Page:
By Ronnie Ellis/CNHI News Service
Frankfort lawmakers and administration officials spent Thursday blaming each other for problems in the management of Passport, the managed care partnership that manages Medicaid for the state in 16 counties surrounding Louisville.
But at the final meeting of a legislative task force formed to recommend ways to save money in Medicaid, there isn’t much new on the table.
Senate President David Williams, R-Burkesville, blamed the administration of Gov. Steve Beshear and his Cabinet for Health and Family Services.
After grilling Cabinet Secretary Janie Miller about Passport and the Cabinet’s monitoring of the state contract, Williams said the task force began by asking for recommendations from the cabinet and ended with the same request — but getting no recommendation.
But the task force ended Thursday with only one of its own — that lawmakers create a Medicaid false claims penalty, an idea offered but not passed in previous sessions. That was suggested by House Speaker Greg Stumbo, D-Prestonsburg, who defended Miller after Williams earlier told her, “Basically, you haven’t done your job.” Later Williams suggested task force members come up with additional recommendations and share with the chairmen and he suggested one might be to give the chairmen subpoena power.
Medicaid costs continue to grow as costs rise and client rolls expand in the down economy. Lawmakers had suggested Passport’s managed care system might save the state money if expanded to other areas of the state. But then an audit by state Auditor Crit Luallen found the partnership between five Jefferson County health care providers had accumulated large reserves while receiving sizable increases each year from the state. She said those funds could’ve been used to improve or expand services or to reduce state costs. The audit also discovered conflicts of interest and high salaries and expenses by the three-person management team at Passport.
Wednesday, Beshear told Passport’s board to terminate the management team or the state will terminate its contract with Passport when it’s due for renewal next June. Thursday, Williams said corrective action had been implemented at Passport — what he called a government “takeover” — but “the cabinet remains intact.” Miller responded with a year-by-year chart of contract increases for Passport which showed an average of 6.5 percent increases before she became Cabinet secretary. During those three years, increases were 3.1, 3.1 and 0 percent, respectively.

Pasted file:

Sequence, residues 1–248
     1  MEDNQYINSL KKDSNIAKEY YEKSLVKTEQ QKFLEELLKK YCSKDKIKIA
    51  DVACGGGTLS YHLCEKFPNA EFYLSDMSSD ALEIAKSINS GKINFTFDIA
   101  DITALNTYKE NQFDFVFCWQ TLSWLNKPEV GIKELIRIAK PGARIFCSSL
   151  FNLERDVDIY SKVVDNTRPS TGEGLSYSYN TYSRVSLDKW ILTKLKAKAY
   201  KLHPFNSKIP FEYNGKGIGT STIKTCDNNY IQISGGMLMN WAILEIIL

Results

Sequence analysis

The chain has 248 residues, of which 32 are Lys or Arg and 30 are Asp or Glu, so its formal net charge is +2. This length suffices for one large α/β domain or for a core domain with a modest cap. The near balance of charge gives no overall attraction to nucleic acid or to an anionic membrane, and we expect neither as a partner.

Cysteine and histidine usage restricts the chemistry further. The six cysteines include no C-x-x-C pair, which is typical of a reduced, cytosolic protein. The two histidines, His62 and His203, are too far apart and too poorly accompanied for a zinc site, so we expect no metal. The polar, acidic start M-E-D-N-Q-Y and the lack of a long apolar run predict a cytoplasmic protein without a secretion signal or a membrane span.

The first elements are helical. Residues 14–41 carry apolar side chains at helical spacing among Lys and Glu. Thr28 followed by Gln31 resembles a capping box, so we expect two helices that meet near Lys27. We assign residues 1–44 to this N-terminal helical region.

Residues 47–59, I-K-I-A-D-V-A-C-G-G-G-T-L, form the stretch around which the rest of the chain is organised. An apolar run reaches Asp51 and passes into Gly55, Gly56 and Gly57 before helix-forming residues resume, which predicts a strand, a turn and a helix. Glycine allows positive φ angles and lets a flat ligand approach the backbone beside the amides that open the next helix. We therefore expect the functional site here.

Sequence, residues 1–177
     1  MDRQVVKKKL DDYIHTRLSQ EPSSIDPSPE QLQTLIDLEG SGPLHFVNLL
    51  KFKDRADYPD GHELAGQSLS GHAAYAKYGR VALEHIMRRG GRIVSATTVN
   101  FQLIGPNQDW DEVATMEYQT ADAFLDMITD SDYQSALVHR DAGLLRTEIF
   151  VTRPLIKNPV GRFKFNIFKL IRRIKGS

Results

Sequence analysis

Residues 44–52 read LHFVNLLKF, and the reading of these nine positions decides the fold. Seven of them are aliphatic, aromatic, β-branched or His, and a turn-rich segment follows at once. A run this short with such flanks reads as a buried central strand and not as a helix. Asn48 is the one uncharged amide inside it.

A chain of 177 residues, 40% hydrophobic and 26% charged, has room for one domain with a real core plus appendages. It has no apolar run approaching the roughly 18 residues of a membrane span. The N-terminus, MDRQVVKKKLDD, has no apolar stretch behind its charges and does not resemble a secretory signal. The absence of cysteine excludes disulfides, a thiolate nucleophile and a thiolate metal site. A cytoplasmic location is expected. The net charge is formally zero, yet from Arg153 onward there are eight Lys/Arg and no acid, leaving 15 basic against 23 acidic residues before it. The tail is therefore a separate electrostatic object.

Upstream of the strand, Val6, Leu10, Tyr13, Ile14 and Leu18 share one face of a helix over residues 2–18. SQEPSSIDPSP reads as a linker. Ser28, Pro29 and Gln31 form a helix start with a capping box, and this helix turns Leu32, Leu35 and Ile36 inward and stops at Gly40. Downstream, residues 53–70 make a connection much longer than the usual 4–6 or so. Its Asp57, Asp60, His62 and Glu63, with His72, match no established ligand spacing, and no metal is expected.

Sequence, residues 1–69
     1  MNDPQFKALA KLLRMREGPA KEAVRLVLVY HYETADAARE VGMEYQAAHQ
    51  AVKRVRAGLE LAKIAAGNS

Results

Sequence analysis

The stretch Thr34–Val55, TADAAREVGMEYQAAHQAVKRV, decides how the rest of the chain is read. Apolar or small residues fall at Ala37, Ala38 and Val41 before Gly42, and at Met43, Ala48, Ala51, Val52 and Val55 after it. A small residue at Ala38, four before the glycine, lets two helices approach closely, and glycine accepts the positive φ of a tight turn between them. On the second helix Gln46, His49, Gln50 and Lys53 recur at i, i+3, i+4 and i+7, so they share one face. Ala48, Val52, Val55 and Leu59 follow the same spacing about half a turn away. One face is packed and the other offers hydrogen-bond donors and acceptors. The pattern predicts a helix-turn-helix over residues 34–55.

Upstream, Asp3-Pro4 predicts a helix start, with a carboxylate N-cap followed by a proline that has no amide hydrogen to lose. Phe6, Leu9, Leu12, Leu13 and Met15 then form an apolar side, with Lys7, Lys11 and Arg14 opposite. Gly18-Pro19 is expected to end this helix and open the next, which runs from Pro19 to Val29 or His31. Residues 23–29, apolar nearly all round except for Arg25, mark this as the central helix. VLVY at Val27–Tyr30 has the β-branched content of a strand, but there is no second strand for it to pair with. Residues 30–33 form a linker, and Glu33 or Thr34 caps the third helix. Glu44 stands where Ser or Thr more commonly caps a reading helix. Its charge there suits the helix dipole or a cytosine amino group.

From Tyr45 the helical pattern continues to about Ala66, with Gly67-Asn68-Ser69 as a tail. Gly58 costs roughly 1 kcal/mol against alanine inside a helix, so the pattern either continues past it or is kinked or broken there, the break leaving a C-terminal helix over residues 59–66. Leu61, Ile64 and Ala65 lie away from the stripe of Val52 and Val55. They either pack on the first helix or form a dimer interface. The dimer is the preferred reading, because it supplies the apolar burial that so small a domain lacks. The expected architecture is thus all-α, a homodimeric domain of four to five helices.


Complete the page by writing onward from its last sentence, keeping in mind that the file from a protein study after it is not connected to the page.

She said she limited those increases after learning Passport had distributed $30 million in excess reserves to the five original investors. The first $10 million reimbursed the investors their original investment, but Luallen criticized the other $20 million. Miller said the money showed Passport could offer services without the increases it sought in state funding.
The administration is also calling for an expansion of managed care, seeking proposals from for-profit vendors and both Williams and Stumbo pointed out the cabinet would not be able to limit such vendors’ profitability to keep costs low for the state. But Stumbo defended Miller, noting the problems with Passport are “systemic” and pre-date the Beshear administration.
While all sides sought to blame the other for the problems uncovered by the audit, no one has questioned the quality of care provided by Passport which has been nationally recognized. The question which began all of this is whether managed care can provide service to Medicaid clients while restraining growth in costs. Luallen’s audit recommends a comparison of traditional fee-for-service costs in the Passport service area with Passport’s costs. Lawmakers have complained the Cabinet should have been able to provide them such information.
Miller contended the Cabinet had offered some data comparisons, although she conceded those data weren’t complete, and that no lawmakers or staff ever sought information about the data during the legislative session. But Stumbo’s office produced a letter from him to Miller, dated March 1, 2010, in which it sought such and other information.
The whole matter arose again Thursday afternoon in a meeting of the Appropriations and Revenue Committee. Sen. Tim Shaughnessey, D-Louisville, said he and Rep. Harry Moberly, D-Richmond, had quizzed Passport CEO Dr. Larry Cook and University of Louisville President Jim Ramsey, one of the investors, about disbursements to U of L and where it had gone in the university budget during the legislative session. That occurred at a time other public universities received spending cuts from the legislature. While he agreed Passport and the Cabinet share blame, Shaughnessey said, the legislature didn’t fulfill its oversight responsibilities either.
RONNIE ELLIS writes for CNHI News Service and is based in Frankfort. Reach him at firstname.lastname@example.org. Follow CNHI News Service stories on Twitter at www.twitter.com/cnhifrankfort.